Abstract Response inhibition is an important facet of executive function. Fragile X syndrome (FraX), with a known genetic etiology (fragile X mental retardation-1 (FMR1) mutation) and deficits in response inhibition, may be an ideal condition for elucidating interactions among gene-brain-behavior relationships. Functional magnetic resonance imaging (fMRI) studies have shown evidence of aberrant neural activity when individuals with FraX perform executive function tasks, though the specific nature of this altered activity or possible compensatory processes has yet to be elucidated. To address this question, we examined brain activation patterns using fMRI during a go/nogo task in adolescent males with FraX and in controls. The critical comparison was made between FraX individuals and age, gender, and intelligent quotient (IQ)-matched developmentally delayed controls; in addition to a control group of age and gender-matched typically developing individuals. The FraX group showed reduced activation in the right ventrolateral prefrontal cortex (VLPFC) and right caudate head, and increased contralateral (left) VLPFC activation compared with both control groups. Individuals with FraX, but not controls, showed a significant positive correlation between task performance and activation in the left VLPFC. This potential compensatory activation was predicted by the interaction between FMR1 protein (FMRP) levels and right striatal dysfunction. These results suggest that right fronto-striatal dysfunction is likely an identifiable neuro-phenotypic feature of FraX and that activation of the left VLPFC during successful response inhibition may reflect compensatory processes. We further show that these putative compensatory processes can be predicted by a complex interaction between genetic risk and neural function. Hum Brain Mapp, 2007. © 2007 Wiley-Liss, Inc. [source]

Frontoparietal cortical activity of methamphetamine-dependent and comparison subjects performing a delay discounting task

John R. Monterosso
Abstract Relative to individuals who do not have addictive disorders, drug abusers exhibit greater devaluation of rewards as a function of their delay ("delay discounting"). The present study sought to extend this finding to methamphetamine (MA) abusers and to help understand its neural basis. MA abusers (n = 12) and control subjects who did not use illicit drugs (n = 17) participated in tests of delay discounting with hypothetical money rewards. We then used a derived estimate of each individual's delay discounting to generate a functional magnetic resonance imaging probe task consisting of three conditions: "hard choices," requiring selections between "smaller, sooner" and "larger, later" alternatives that were similarly valued given the individual's delay discounting; "easy choices," in which alternatives differed dramatically in value; and a "no choice" control condition. MA abusers exhibited more delay discounting than control subjects (P < 0.05). Across groups, the "hard choice > no choice" contrast revealed significant effects in the ventrolateral prefrontal cortex, dorsolateral prefrontal cortex (DLPFC), dorsal anterior cingulate cortex, and areas surrounding the intraparietal sulcus (IPS). With group comparisons limited to these clusters, the "hard choice > easy choice" contrast indicated significant group differences in task-related activity within the left DLPFC and right IPS; qualitatively similar nonsignificant effects were present in the other clusters tested. Whereas control subjects showed less recruitment associated with easy than with hard choices, MA abusers generally did not. Correlational analysis did not indicate a relationship between this anomaly in frontoparietal recruitment and greater degree of delay discounting exhibited by MA abusers. Therefore, while apparent inefficiency of cortical processing related to decision-making in MA abusers may contribute to the neural basis of enhanced delay discounting by this population, other factors remain to be identified. Hum. Brain Mapp, 2007. © 2006 Wiley-Liss, Inc. [source]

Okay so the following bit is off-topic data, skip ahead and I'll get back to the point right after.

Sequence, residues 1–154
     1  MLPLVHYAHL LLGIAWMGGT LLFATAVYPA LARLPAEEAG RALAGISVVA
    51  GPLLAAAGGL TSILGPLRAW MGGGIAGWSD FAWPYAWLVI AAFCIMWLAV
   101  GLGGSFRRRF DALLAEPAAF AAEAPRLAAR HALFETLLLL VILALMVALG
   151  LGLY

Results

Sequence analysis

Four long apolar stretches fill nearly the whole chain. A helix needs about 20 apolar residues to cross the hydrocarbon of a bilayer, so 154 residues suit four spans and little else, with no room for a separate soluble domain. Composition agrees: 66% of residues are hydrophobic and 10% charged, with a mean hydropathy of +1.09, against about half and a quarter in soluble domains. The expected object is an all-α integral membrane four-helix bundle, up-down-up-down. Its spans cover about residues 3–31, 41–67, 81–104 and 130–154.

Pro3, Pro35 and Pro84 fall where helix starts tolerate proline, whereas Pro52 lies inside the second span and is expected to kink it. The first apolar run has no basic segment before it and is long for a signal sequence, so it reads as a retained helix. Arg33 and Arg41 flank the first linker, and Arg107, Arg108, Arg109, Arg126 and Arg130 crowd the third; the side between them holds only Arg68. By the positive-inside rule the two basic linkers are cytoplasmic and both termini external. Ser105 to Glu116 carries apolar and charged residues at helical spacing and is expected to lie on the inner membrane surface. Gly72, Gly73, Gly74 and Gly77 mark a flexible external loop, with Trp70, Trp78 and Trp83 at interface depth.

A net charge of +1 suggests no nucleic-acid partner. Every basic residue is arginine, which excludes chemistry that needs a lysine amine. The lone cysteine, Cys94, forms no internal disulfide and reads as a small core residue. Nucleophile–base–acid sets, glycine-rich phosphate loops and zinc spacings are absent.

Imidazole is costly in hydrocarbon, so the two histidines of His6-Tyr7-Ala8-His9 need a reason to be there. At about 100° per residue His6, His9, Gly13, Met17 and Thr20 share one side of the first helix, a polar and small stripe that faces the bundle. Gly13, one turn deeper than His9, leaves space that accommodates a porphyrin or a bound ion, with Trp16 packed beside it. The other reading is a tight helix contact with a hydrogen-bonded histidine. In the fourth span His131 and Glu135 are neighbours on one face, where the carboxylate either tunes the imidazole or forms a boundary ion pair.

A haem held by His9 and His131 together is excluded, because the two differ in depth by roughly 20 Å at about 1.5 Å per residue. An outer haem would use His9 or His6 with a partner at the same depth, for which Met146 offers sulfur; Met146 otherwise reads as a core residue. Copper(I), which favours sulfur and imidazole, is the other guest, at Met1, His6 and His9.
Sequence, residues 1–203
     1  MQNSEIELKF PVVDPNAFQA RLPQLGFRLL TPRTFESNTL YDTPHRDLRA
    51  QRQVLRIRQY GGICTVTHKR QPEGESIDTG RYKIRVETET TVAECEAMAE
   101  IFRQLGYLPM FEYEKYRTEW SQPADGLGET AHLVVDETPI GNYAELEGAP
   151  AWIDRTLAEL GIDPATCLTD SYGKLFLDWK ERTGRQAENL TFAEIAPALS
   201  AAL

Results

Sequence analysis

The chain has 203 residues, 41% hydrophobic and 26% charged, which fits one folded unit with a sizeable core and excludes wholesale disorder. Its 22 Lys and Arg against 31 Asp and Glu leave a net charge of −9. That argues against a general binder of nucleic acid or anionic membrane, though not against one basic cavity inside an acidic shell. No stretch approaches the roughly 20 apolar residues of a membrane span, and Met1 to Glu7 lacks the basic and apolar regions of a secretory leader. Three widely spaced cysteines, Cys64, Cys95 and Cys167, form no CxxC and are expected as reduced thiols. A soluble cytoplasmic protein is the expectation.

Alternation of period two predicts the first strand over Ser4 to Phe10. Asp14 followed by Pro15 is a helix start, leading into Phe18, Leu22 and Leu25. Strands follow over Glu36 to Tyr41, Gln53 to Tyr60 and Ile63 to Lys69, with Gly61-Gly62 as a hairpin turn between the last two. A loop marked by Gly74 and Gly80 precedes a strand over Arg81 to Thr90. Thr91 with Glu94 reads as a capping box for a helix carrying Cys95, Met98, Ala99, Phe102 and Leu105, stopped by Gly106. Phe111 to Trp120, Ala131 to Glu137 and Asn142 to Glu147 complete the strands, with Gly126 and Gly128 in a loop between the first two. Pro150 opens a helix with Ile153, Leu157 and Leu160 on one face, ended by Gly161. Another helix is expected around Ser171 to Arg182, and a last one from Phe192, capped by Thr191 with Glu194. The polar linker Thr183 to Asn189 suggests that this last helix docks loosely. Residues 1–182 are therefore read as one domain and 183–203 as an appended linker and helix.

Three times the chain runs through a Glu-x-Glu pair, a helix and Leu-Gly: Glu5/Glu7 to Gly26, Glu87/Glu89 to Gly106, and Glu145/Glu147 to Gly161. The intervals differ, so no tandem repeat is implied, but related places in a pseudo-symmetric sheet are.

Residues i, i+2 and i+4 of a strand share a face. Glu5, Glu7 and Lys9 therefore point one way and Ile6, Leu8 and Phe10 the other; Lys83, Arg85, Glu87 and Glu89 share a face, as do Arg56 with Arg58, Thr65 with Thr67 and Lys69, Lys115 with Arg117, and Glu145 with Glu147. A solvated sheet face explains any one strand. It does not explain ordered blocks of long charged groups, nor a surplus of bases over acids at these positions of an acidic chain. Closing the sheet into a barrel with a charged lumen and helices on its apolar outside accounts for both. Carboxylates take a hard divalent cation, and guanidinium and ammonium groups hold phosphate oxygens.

Successfully overcoming the inhibitory impact of the "forget" instruction: A voxel-based morphometric study of directed forgetting

Anna Nowicka
Abstract In directed-forgetting studies, test items are followed by an instruction either to "remember" or to "forget" (F). Many to-be-forgotten (TBF) stimuli are not retrieved at the recognition phase. However, some subjects are able to correctly recollect a high number of TBF stimuli. We examined whether this ability is reflected in the structure of brain regions involved in memory and the control of retrieval processes. In subjects with high recognition rates for TBF stimuli, voxel-based morphometry revealed increased gray matter (GM) volume in the left ventrolateral prefrontal cortex (VLPFC) and the right hippocampus (H). GM volume in these regions correlated positively with the TBF recognition rate. No significant differences were detected in subjects who forgot many TBF stimuli. Our findings indicate that the right H and left VLPFC are of particular relevance in releasing TBF items from inhibition caused by the F instruction. [source]